State Audit Says Dryden School District Has Too Much Ca$h in Reserves
An audit by the State Comptroller’s Office has found that Dryden Central School District’s has too much money in reserve, the report is critical of the districts budgeting practices.
Following an audit of the Homer School District that was also critical of the districts fund balance the Comptrollers office has now released a similar review of the Dryden School District.
The report, says that from 2008 to 2013, the district has exceeded its surplus fund balance allowed by an average of $1.6 million, or 4.7 percent.
Last year the school board reduced the surplus fund balance by $1.8 million but it still exceeded the legal limit by $1.2 million, or more than 3.5 percent.
State Education Department regulations require school districts to use excess fund balance to reduce taxes. The law requires fund balance that is greater than 4 percent of the previous year's budget to be used for tax relief.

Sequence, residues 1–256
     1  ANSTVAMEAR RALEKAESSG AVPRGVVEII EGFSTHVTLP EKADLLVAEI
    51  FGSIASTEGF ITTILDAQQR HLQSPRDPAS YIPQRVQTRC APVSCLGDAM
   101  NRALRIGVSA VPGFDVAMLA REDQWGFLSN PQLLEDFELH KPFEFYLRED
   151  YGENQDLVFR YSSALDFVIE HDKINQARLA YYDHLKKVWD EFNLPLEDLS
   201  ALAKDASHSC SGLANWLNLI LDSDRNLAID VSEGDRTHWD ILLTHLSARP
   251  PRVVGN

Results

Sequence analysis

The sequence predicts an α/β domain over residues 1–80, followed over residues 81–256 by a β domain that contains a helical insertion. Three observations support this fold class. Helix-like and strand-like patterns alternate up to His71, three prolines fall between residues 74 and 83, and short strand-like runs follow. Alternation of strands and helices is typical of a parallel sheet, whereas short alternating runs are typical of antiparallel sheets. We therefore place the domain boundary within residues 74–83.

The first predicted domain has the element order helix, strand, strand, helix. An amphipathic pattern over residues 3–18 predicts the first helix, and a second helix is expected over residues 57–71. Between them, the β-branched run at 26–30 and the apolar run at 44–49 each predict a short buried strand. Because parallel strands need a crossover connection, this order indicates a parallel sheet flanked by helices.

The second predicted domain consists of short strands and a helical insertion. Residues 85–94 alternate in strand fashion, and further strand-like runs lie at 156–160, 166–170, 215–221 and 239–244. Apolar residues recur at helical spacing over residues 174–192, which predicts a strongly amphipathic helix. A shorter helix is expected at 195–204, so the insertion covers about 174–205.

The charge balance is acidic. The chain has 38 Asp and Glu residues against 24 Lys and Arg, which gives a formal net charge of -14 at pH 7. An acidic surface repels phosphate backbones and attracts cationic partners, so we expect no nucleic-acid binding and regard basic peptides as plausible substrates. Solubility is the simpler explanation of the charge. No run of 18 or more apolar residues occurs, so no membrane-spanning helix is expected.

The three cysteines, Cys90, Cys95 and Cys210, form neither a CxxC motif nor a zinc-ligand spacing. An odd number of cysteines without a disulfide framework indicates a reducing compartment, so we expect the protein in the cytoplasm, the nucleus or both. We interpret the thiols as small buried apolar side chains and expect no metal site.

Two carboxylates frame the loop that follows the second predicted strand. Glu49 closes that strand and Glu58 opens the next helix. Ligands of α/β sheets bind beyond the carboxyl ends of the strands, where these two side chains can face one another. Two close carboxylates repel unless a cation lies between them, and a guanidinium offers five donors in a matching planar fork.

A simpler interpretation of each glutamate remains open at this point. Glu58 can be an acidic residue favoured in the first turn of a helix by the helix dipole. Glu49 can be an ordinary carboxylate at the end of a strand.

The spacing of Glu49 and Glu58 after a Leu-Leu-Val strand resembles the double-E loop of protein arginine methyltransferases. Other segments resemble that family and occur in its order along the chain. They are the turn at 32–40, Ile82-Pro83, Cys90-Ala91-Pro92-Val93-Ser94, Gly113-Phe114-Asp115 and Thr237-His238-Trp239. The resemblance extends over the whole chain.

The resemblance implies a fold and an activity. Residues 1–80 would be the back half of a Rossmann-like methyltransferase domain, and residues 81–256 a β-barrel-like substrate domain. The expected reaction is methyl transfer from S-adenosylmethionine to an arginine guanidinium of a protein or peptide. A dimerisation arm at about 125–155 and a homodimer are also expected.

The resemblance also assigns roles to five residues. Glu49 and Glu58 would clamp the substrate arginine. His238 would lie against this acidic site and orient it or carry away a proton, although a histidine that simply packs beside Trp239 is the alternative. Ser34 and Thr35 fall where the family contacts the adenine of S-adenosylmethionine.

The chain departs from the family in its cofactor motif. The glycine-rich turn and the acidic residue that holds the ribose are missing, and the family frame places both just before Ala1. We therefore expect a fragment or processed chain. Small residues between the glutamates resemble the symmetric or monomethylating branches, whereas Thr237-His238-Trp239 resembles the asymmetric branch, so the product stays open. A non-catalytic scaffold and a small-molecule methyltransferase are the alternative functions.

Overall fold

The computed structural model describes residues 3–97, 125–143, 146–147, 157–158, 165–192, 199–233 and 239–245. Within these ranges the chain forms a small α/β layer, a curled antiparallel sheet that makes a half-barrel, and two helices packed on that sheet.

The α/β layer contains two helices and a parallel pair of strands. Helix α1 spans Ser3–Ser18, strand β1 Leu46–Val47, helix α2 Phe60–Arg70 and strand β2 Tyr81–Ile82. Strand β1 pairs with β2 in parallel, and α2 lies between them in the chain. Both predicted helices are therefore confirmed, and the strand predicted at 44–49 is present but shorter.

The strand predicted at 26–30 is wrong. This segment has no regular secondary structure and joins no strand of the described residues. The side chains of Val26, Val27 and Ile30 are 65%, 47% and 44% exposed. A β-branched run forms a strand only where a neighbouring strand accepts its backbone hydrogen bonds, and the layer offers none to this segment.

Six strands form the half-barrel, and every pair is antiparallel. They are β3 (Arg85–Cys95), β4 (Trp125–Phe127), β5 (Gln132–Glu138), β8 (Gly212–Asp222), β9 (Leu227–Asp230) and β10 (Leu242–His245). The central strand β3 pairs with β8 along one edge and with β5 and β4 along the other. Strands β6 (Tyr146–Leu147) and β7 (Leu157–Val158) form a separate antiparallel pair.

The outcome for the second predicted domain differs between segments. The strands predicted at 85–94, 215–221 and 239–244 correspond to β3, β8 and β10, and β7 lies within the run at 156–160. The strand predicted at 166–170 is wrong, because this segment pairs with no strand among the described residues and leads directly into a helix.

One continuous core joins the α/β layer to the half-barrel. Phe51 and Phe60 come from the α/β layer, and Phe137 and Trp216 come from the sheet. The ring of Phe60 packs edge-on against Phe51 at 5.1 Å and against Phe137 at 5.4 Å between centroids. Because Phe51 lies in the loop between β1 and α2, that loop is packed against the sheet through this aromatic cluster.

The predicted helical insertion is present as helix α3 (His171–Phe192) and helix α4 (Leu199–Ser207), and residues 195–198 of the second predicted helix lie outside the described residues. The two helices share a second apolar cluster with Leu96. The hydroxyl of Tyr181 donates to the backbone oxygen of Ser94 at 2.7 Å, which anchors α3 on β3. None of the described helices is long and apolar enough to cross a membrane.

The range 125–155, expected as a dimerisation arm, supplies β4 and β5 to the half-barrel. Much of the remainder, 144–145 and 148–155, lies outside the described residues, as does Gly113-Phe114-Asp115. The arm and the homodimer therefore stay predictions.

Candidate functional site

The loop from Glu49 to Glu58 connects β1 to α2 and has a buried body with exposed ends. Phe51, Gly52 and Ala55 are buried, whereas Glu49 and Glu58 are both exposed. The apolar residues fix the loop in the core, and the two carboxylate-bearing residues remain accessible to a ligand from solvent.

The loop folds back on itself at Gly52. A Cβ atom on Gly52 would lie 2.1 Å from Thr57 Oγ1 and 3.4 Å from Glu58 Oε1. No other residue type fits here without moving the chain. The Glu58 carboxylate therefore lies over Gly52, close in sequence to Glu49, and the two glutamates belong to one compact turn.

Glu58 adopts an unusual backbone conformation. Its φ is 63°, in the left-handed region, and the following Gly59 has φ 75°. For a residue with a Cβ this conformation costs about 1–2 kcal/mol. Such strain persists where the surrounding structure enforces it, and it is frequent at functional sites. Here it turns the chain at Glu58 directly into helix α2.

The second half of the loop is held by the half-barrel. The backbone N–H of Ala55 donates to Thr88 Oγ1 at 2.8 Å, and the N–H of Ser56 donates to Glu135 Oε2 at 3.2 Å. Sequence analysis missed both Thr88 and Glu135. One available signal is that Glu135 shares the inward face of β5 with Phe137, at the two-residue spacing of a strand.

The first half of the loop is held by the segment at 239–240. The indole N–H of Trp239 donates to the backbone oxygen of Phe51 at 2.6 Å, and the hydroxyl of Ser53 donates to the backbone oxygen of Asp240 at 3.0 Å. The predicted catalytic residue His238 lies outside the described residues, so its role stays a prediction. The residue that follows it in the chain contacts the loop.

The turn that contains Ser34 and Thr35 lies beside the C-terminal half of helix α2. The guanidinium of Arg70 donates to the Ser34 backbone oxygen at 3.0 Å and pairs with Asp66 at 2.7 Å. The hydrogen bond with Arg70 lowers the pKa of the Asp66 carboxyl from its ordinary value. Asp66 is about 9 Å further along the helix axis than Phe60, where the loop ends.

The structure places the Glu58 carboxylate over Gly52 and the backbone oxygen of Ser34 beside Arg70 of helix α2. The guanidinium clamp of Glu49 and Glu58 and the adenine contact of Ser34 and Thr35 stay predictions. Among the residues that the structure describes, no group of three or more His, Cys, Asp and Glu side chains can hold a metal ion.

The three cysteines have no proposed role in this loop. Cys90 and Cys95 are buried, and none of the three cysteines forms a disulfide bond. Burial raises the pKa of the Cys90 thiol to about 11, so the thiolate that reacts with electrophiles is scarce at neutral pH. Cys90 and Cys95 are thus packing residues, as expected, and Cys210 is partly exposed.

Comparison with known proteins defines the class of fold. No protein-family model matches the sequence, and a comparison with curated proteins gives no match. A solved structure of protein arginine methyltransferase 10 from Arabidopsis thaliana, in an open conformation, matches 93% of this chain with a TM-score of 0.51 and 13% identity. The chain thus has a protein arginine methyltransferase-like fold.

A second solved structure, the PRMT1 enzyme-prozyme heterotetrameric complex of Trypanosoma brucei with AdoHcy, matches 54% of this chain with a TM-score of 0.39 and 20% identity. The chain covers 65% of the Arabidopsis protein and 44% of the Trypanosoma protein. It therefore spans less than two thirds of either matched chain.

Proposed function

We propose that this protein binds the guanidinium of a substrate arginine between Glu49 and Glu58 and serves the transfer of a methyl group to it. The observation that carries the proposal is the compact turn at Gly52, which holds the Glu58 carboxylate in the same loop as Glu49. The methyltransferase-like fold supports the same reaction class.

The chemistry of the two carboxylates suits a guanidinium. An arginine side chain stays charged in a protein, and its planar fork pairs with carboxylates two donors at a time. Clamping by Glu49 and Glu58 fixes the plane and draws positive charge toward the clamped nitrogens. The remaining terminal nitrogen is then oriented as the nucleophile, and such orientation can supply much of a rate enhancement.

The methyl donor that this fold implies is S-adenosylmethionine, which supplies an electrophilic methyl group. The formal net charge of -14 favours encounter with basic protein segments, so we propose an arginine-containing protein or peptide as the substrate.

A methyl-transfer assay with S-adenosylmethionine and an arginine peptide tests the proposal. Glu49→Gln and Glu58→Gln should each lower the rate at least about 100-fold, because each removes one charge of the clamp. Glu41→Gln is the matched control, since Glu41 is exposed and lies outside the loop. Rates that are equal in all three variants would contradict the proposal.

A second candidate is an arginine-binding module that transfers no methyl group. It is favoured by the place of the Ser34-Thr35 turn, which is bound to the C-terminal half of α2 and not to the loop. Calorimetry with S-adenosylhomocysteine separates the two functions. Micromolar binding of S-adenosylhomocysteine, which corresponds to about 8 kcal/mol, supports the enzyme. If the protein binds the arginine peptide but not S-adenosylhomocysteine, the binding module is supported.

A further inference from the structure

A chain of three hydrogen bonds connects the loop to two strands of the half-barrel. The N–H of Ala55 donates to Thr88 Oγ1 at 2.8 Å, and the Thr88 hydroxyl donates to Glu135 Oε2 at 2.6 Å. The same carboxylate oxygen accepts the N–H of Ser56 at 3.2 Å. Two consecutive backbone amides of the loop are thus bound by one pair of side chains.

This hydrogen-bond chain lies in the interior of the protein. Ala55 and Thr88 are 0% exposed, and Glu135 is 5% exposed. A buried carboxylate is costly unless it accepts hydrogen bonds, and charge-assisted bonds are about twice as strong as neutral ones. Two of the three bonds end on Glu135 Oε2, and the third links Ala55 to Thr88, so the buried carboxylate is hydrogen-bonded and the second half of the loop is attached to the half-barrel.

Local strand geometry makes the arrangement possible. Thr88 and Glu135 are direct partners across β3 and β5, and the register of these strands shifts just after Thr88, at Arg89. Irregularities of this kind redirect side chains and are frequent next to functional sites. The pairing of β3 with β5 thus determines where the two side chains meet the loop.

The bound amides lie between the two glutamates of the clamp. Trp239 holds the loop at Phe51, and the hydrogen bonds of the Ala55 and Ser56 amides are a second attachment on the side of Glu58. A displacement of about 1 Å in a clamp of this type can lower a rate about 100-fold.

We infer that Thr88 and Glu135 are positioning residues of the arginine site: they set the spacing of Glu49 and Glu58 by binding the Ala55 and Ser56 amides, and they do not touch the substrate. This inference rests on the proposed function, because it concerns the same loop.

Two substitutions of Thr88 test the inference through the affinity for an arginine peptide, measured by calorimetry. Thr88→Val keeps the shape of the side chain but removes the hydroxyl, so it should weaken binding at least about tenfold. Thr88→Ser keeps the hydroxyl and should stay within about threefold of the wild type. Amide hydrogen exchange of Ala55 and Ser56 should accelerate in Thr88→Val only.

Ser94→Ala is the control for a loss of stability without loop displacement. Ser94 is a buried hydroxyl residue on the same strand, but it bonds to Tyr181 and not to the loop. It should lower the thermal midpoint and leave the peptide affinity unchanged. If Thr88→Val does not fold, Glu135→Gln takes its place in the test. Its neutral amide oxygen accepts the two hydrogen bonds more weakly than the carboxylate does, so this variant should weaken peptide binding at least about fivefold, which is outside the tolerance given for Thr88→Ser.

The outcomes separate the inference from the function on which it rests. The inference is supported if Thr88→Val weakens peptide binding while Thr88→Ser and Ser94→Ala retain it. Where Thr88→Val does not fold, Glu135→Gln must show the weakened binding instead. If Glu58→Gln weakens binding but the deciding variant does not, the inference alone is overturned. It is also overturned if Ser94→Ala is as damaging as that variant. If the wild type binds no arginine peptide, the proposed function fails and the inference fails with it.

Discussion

The audit also found that the district Employee Benefit Accrued Liability Reserve was over funded by more than $1.1 million, and that the district’s Retirement Contribution Reserve and Unemployment Insurance Reserve were also over funded. The report says theres enough money in those reserves to cover liabilities for at least next three years without any additional funding.
Dryden Superintendent Sandy Sherwood said that for the past five years the district has been working to build up fund balance and reserves to address gaps in state funding.